Published on the Big Girls, Small Kitchen College website on January 11, 2012
This recipe came to us via a male friend/SKC reader, Chris Duffy, who wanted to prove that he can successfully seduce women in the kitchen…and he has the recipe to prove it. After testing the recipe ourselves, it was clear that he was telling the truth. While making, we added a bit of sherry during the simmering process because we just couldn’t resist, plus a little chili powder and cayenne for heat. These are optional. Anyway, if you’ve always wanted a man’s perspective on that first date, pay attention!
There’s a lot of grey area in college relationships, isn’t there? It’s always seemed to me like there’s a prolonged period in any romantic interaction where you’re not quite sure what the proper term is. Are you just hooking up? Are you dating? Did you black out and somehow you’re now engaged but simultaneously just friends with benefits?
Well, I’ve found there’s no better way to nail down the details than over your first home-cooked meal together. The first time you cook for a girl is a big deal. Cooking a delicious meal shows that you care enough to spend time on her, that you can produce something, and that you can introduce her to new (and delicious) experiences.
My go-to first meal is an Iranian Pomegranate-Walnut Chicken stew, known as fesanjan. My roommate’s family emigrated from Iran to Vermont and the first time I visited them they made this incredible, hearty, sweet and tangy dish. I was hooked.
Fesanjan (pronounced “fess-in-joon”) is a perfect date dish because, first of all, it just sounds fascinating and delicious. I’ve never said the phrase “Iranian Pomegranate-Walnut Chicken” and not gotten an immediate “ooooooh” afterwards. Another strong point in its favor is that most of the work is done upfront, so that by the time your lady friend comes over, dinner is simmering in the pot and you can focus your attention on your date.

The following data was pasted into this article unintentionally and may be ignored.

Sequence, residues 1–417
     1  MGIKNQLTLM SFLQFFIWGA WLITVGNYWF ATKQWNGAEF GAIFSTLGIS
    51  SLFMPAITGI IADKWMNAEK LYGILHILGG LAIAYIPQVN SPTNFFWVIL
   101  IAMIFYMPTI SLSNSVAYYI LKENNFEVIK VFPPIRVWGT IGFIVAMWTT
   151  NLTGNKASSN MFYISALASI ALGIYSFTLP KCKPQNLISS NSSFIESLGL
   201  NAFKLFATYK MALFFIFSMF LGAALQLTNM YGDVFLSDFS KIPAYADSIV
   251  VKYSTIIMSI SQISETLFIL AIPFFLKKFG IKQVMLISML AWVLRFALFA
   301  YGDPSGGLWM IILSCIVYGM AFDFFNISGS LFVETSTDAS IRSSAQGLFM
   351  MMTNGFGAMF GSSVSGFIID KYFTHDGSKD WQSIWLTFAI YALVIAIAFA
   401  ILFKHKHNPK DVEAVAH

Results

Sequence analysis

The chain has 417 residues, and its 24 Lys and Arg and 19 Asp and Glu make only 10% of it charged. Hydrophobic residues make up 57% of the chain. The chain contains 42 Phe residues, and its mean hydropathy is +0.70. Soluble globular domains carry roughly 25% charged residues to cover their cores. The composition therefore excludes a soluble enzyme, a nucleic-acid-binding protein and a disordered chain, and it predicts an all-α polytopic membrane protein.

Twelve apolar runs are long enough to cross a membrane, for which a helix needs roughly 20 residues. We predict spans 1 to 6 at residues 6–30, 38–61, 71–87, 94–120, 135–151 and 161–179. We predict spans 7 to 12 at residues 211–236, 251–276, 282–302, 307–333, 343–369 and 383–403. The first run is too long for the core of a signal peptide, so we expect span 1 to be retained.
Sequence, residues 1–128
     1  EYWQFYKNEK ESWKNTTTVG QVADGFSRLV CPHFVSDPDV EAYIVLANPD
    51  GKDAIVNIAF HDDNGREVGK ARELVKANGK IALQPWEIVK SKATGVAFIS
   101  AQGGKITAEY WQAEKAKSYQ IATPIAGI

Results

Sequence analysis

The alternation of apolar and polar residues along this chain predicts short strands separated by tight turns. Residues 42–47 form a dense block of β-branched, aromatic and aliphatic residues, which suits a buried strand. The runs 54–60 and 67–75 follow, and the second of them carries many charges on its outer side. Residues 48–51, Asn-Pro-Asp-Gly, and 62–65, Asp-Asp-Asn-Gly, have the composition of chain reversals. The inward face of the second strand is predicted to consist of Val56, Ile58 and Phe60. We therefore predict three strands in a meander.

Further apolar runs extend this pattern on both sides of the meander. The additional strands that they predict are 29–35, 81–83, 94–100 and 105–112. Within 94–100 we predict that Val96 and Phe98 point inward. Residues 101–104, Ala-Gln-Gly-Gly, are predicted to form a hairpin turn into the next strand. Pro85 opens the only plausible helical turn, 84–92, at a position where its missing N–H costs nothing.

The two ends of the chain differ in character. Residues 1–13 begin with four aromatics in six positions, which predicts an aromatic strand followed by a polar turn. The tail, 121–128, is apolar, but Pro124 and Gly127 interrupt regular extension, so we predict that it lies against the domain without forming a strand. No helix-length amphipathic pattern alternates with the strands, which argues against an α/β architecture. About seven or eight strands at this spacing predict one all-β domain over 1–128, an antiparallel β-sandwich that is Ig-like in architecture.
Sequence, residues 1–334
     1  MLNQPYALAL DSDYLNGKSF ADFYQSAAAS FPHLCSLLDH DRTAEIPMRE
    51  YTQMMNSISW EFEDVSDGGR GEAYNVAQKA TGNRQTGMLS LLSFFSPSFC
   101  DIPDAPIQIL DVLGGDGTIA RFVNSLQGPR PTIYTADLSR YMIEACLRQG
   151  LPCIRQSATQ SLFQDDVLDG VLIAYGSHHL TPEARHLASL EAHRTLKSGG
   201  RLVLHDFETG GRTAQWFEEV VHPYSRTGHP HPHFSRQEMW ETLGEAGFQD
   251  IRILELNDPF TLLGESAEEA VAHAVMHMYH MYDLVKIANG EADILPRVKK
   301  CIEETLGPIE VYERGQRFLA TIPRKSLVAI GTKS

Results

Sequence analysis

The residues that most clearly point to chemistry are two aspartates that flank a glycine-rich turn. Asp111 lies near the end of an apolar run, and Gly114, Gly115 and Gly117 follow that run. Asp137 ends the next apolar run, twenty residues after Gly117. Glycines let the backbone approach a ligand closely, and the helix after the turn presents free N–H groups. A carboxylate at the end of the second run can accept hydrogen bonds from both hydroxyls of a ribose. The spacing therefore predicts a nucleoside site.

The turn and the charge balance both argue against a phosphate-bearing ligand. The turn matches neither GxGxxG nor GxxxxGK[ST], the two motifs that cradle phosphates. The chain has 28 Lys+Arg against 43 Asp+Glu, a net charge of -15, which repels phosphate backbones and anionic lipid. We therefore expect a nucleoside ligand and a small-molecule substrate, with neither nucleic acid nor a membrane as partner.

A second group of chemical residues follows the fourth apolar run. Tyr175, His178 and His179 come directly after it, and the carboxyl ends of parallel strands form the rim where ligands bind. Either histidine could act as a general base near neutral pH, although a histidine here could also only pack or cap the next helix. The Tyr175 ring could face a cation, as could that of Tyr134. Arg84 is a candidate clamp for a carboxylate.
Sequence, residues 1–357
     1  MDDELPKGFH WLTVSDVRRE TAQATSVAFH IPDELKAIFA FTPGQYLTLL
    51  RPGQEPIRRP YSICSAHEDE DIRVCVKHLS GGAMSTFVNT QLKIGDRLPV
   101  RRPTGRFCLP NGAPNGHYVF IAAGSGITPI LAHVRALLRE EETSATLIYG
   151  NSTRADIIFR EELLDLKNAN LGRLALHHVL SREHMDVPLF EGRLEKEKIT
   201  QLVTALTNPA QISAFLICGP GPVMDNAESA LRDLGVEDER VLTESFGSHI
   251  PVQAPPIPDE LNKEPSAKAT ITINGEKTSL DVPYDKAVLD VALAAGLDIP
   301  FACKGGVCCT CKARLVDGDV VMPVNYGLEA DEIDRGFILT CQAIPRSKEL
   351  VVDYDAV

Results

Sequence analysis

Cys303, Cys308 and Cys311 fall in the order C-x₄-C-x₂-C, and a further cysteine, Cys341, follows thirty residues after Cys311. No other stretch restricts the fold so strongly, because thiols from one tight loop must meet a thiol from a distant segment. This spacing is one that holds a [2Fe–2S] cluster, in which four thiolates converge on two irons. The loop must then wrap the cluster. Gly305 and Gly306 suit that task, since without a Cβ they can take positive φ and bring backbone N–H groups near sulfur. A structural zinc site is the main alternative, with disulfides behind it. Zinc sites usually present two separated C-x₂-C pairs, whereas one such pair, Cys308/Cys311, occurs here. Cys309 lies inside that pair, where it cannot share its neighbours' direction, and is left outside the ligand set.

Fesanjan takes about an hour and a half to prepare and I’m confident just about anyone can make this dish. As far as the cooking goes, my roommate’s mom gave us a pretty idiot-proof recipe. Just make sure to read the whole thing through before you get started.
Two things to note: you probably won’t be able to find pomegranate molasses unless you happen to live next to a friendly Persian chef or Middle-Eastern grocery, but I actually prefer the taste with canned cranberry sauce (and I still call it pomegranate flavor, to sound fancy). As for the walnuts, I’ve never had a food processor, so I just double-bag the walnuts in zip-locks, squeeze out the air, and smash them with a boot until they’re in small pieces. Fun!
serves 4, or 2 with leftovers for the next day (if you’re optimistic…)
Original recipe courtesy of Ann Rangaviz
¼ cup butter or olive oil
2 medium onions, grated or thinly sliced
2 ½ cups walnuts, finely ground
pinch of salt
4-5 Tablespoons tomato paste
¼ cup of pomegranate syrup/molasses*
¼ teaspoon of pepper
4-5 boneless chicken breasts
½ to 1 teaspoon cinnamon
1/4 cup sherry (optional)
dash chili powder (optional)
dash cayenne (optional)
Add butter to pot and melt over medium heat. Add onions and lightly brown (5-8 minutes). Add all remaining ingredients (except chicken and cinnamon), plus 2.5 cups water, mix well and simmer over low heat for 10 minutes.
Cut each chicken breast into several pieces and sprinkle with cinnamon. Add a couple tablespoons of butter (or use pam) in non-stick frying pan. Brown chicken over medium to low heat for 15-20 min (until no longer pink in the center). Add chicken to the sauce and cover, adding optional sherry and spice flavorings if you’re using them. Simmer for at least an hour (stir occasionally to prevent sticking). The longer you cook, the richer the sauce becomes and the more easily the chicken will shred.
Serve over basmati rice or polenta.
*if pomegranate syrup is not available, 1 can of jellied cranberry sauce can be substituted. Or, to make syrup: simmer 1 cup of pomegranate juice in a pot with 1/4 cup sugar and 1 tablespoon lemon juice over low heat until it thickens and store in a jar.
— Chris Duffy for Small Kitchen College